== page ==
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Chandrayaan-2: Despite the setback, the lunar mission counts as a success

The collective despairing groans of a billion-plus Indians last week, as the Vikram lunar lander careened out of orbit and lost contact, metaphorically signalled the disappointment of a nation that had been transfixed by the ambitious moon mission. That sense of anguish was amplified by the extraordinary sight of India’s top space scientists in tears; it required the comforting ministrations, and the faith-reinforcing words, of Prime Minister Narendra Modi for them to find solace from that fleeting moment of mournfulness. Despite the made-for-media nature of that scene, it served to provide a cathartic release from the tension of the build-up to that denouement, and enabled a dispassionate audit of the expedition. And such an assessment, based in equal measure on the metrics of pure science and of (pardonable) emotion, must acknowledge that the last-mile glitch notwithstanding, the Chandrayaan-2 mission has thus far been an emphatic success.

Indicatively, officials at the Indian Space Research Organisation have noted that even given the bleak prospects of establishing contact with the crash-landed Vikram, whose location on the lunar surface has since been pinpointed, the fact that the orbiter is working fine means that up to 95 per cent of the mission objectives has been achieved. The orbiter is expected to be functional for a year or more, and the payloads on board are sending back reams of data. For instance, the CHACE-2 payload will measure the temporal variations in the lunar exosphere; and the RAMBHA-DFRS payload will study variations of electron density in the moon’s ionosphere. Taken with all the other data streams expected, this will expand the frontiers of scientific knowledge for all of humanity. No less significant is the mission’s role in firing up the imagination of millions of Indians, particularly impressionable schoolchildren, in a way that will have an immeasurable multiplier effect. Modi’s presence at the mission control centre, of course, served to enhance the media visibility for the enterprise. But it was the audacity of the project — with India bidding to become only the fourth country to attempt a soft-landing on the moon — that ignited Indian minds. In school after school, that found expression in essays that channelled a lively interest in pure science. Given the challenges that India faces in inculcating a scientific temper among its populace, the contribution of this event in advancing that goal cannot be overestimated. That two women scientists are at the vanguard of the mission is also an aspirational symbol of gender equality. Those intangible gains count for as much as the scientific data that the mission will harvest.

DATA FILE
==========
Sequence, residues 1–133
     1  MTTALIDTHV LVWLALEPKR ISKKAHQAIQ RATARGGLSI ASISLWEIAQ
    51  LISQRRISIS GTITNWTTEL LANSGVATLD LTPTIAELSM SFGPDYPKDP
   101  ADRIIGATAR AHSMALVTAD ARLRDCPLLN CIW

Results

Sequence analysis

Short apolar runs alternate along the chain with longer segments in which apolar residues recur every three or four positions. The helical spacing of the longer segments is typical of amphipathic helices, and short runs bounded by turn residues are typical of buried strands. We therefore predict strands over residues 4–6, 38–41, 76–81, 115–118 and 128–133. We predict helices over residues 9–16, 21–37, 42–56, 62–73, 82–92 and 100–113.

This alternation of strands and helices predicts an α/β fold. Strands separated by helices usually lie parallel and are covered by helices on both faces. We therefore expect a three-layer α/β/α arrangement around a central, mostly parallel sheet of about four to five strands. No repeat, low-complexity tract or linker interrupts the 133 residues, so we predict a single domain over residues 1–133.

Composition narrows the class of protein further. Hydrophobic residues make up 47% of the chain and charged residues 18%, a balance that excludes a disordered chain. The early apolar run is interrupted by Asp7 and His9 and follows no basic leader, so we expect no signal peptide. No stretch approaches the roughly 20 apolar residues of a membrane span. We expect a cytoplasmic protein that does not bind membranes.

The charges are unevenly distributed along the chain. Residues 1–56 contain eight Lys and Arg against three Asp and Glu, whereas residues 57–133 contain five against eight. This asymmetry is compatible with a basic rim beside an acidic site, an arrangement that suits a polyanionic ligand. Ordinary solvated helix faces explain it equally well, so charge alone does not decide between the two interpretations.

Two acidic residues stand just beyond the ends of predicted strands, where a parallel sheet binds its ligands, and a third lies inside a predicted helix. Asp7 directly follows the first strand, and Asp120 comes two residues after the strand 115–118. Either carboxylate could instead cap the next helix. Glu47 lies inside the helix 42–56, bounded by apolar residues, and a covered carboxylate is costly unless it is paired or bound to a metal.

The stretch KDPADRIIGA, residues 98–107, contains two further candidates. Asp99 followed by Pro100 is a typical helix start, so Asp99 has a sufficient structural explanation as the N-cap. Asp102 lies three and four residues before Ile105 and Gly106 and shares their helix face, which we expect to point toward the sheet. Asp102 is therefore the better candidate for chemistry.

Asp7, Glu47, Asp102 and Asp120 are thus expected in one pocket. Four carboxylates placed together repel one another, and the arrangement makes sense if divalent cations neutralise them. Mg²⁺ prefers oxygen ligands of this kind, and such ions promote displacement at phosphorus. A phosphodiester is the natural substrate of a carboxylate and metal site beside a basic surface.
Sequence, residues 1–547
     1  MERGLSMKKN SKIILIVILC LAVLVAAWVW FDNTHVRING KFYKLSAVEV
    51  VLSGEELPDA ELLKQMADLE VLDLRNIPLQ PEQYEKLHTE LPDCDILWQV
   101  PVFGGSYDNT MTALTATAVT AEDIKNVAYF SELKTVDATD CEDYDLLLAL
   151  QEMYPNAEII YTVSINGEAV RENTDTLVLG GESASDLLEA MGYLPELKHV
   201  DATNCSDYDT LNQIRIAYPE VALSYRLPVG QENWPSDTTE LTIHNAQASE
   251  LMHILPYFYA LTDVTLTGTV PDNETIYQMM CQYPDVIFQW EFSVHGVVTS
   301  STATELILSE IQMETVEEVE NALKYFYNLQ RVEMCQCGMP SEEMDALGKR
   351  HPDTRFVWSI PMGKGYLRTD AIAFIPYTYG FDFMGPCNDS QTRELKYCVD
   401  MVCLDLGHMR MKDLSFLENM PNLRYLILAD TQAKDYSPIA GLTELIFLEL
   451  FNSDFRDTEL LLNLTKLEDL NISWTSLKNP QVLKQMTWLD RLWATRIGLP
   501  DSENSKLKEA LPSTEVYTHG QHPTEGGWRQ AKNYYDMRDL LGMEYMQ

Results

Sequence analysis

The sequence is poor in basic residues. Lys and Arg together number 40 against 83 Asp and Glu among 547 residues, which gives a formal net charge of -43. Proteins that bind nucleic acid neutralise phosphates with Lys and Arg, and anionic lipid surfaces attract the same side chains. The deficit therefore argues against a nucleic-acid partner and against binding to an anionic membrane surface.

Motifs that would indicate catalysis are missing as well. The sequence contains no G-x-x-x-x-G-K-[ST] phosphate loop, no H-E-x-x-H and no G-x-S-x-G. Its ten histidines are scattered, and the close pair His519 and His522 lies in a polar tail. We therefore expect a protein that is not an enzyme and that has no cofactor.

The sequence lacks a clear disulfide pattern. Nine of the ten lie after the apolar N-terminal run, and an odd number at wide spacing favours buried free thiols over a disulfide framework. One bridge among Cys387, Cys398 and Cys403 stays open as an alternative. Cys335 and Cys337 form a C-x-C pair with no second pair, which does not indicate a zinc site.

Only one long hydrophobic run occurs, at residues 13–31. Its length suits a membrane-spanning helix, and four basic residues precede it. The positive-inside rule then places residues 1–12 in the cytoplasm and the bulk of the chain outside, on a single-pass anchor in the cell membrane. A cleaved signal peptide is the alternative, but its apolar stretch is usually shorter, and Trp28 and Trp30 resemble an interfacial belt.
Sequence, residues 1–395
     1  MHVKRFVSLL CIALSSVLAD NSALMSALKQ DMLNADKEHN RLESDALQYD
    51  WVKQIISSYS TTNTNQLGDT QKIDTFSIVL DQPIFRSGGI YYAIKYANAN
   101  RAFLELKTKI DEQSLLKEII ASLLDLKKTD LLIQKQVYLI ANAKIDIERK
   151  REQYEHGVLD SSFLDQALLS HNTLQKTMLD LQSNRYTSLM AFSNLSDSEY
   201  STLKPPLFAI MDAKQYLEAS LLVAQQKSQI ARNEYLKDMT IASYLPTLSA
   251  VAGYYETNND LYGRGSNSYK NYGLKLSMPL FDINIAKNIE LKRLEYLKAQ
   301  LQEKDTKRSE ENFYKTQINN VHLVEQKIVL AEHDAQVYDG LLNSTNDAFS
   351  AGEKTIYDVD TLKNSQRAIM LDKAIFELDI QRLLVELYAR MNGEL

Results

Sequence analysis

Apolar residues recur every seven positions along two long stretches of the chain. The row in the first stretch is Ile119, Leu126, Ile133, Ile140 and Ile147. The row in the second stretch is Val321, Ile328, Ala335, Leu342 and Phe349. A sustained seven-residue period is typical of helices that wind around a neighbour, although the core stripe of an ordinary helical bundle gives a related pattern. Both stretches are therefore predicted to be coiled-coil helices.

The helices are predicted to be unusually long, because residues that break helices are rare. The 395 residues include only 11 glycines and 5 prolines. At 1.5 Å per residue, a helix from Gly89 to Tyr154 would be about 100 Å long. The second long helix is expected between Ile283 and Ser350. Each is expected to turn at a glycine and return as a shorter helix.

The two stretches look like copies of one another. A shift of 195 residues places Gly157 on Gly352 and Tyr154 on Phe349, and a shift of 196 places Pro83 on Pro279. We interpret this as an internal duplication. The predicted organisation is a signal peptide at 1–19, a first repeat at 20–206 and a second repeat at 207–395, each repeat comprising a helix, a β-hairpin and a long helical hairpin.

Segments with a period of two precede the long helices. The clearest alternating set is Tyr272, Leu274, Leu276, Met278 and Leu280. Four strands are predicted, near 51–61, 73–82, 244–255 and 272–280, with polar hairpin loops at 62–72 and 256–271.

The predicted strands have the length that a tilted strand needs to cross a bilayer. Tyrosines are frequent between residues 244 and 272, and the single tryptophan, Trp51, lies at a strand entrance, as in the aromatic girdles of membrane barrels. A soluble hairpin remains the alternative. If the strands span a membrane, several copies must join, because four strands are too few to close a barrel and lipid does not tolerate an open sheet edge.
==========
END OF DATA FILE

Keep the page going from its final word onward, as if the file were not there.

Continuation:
In the final analysis, perhaps the weight of expectations of a billion-plus Indians proved too heavy for Vikram. But even that one small mis-step represents a giant leap in the cause of expanding the frontiers of science — and of a scientific temper — in this marvellously moon-struck nation.

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